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The ten councillors and six heads of administrative posts in the northern Mozambican city of Nampula, sacked a fortnight ago by the interim mayor, Manuel Tocova, will resume their positions as from Monday, following court decisions that the sackings were illegal.
Tocova is the chairperson of the Nampula Municipal Assembly. Following the assassination of Mayor Mahamudo Amurane on 4 October, Tocova became interim mayor and set about removing all of Amurane’s close collaborators.
Despite warnings from the local branch of the public prosecutor’s office that he was acting illegally, Tocova swore into office replacement councilors loyal to him. These included people whom Amurane had sacked on suspicion of corruption.
Amurane and Tocova were both members of the same political party, the opposition Mozambique Democratic Movement (MDM). But a rift had opened between Amurane and the rest of the MDM leadership. Bitter words were exchanged, with Amurane accusing the MDM of wishing to use municipal funds for political party purposes. Although Amurane never formally resigned from the MDM, he repeatedly announced that the intended to run for a second term as mayor, but not as an MDM candidate.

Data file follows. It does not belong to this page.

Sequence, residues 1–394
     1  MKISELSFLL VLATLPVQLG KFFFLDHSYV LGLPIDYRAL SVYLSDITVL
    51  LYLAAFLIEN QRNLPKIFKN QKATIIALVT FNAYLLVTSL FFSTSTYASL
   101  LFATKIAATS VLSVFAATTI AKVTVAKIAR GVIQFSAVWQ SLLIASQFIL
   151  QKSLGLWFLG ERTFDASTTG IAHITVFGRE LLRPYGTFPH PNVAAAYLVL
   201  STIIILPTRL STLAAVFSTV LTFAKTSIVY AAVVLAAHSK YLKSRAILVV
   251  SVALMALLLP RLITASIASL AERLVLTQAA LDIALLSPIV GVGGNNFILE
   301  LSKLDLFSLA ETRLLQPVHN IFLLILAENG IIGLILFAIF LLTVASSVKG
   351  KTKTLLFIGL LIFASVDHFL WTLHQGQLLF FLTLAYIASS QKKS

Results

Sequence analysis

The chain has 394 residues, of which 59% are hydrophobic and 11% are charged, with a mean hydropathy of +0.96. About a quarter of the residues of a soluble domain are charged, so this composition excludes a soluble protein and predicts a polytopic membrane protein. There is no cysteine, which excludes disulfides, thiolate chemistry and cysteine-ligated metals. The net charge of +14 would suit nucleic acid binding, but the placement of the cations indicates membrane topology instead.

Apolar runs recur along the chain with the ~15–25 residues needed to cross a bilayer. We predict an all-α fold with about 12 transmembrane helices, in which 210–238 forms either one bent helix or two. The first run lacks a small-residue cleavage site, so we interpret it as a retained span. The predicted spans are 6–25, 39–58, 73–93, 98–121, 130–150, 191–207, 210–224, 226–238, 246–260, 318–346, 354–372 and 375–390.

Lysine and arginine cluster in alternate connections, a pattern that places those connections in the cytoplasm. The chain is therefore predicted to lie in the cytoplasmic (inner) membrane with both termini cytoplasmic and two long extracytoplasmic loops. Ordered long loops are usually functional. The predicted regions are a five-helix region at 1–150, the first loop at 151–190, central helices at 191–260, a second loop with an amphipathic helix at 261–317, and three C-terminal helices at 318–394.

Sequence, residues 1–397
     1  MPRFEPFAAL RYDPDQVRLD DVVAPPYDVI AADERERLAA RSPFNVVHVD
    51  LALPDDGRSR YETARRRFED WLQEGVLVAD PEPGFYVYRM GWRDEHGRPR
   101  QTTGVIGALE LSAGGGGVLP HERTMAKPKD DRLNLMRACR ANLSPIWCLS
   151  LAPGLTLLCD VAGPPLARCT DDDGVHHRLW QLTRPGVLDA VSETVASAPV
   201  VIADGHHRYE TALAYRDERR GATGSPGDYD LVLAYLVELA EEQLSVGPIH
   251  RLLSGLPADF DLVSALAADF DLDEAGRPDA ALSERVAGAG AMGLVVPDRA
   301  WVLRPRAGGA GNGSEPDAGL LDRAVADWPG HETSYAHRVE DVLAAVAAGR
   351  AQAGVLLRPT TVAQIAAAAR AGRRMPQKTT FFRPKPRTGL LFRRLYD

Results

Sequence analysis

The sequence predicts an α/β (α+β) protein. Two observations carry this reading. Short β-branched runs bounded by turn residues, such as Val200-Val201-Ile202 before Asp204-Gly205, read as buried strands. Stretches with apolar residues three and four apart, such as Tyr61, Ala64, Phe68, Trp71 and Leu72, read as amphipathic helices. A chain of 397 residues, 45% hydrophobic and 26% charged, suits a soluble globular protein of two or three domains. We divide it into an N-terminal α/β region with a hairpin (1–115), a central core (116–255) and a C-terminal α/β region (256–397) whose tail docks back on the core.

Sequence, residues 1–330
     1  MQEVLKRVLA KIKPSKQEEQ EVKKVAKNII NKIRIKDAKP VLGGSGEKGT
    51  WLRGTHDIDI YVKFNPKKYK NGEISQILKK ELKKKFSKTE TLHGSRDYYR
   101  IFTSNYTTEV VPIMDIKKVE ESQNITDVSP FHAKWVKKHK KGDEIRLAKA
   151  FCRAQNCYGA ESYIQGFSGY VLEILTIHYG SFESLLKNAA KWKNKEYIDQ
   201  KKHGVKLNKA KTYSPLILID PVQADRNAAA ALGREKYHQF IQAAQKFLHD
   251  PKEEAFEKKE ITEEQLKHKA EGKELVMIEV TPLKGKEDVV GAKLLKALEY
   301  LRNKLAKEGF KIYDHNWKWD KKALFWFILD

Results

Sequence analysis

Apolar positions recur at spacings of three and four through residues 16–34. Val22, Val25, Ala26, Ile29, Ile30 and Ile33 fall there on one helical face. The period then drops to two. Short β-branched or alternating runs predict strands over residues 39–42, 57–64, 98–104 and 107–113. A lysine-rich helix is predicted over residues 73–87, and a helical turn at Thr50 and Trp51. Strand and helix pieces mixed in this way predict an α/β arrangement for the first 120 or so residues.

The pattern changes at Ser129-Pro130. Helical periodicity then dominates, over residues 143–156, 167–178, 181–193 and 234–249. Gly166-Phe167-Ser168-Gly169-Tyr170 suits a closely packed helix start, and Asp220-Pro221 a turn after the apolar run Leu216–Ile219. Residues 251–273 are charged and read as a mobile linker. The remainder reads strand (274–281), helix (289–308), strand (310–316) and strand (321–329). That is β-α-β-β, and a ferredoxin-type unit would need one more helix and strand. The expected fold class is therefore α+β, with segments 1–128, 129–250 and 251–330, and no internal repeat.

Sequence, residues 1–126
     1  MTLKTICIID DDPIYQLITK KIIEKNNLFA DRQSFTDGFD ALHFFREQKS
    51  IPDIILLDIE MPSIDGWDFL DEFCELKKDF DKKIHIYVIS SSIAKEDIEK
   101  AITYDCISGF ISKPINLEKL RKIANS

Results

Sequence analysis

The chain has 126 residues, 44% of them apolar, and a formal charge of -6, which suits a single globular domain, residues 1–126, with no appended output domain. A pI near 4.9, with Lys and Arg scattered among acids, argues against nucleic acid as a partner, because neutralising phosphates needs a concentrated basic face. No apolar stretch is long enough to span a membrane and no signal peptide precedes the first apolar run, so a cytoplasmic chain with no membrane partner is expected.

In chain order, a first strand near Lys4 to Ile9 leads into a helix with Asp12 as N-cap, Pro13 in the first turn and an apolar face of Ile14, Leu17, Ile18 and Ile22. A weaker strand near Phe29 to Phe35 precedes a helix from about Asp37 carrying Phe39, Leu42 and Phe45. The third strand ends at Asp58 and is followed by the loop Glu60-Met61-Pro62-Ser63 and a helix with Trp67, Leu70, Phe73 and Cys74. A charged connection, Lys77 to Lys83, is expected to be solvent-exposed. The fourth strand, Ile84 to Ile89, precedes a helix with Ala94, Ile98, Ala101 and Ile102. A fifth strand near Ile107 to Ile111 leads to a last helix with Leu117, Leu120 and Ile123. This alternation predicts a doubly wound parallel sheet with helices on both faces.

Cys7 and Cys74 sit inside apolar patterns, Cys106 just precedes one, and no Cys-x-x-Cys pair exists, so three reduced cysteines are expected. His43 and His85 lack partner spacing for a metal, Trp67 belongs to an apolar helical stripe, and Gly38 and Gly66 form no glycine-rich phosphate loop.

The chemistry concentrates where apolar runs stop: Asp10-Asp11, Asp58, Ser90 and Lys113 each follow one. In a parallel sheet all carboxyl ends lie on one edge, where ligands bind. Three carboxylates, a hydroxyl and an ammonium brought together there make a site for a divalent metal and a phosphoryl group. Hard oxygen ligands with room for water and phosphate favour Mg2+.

Last Monday the Nampula City Court sentenced Tocova to three months imprisonment, suspended for two years, for the crime of disobedience. The public prosecutor charged Tocova with disobedience when he refused to supply documents on the dismissals and appointment of municipal councillors, and rejected the warning that he had no power to sack councillors.
Tocova’s excuse in court was that, because of his low level of educational qualifications, he had not fully understood the limitations on the power of interim mayors expressed in the municipal legislation.
On Friday the case came before the Nampula Administrative Tribunal, which ruled that the dispatches Tocova had signed dismissing and appointing councillors were null and void.
Maria Moreno, director of the mayor’s office under Amurane, told reporters that, following the court decisions, the councillors sacked by Tocova would be back at their desks on Monday.
“We shall comply with the law, and we shall work until another, legally established city council replaces us”, she said. That will not happen until a by-election is held to elect a new mayor. The National Elections Commission (CNE) must propose a date for the by-election to the government.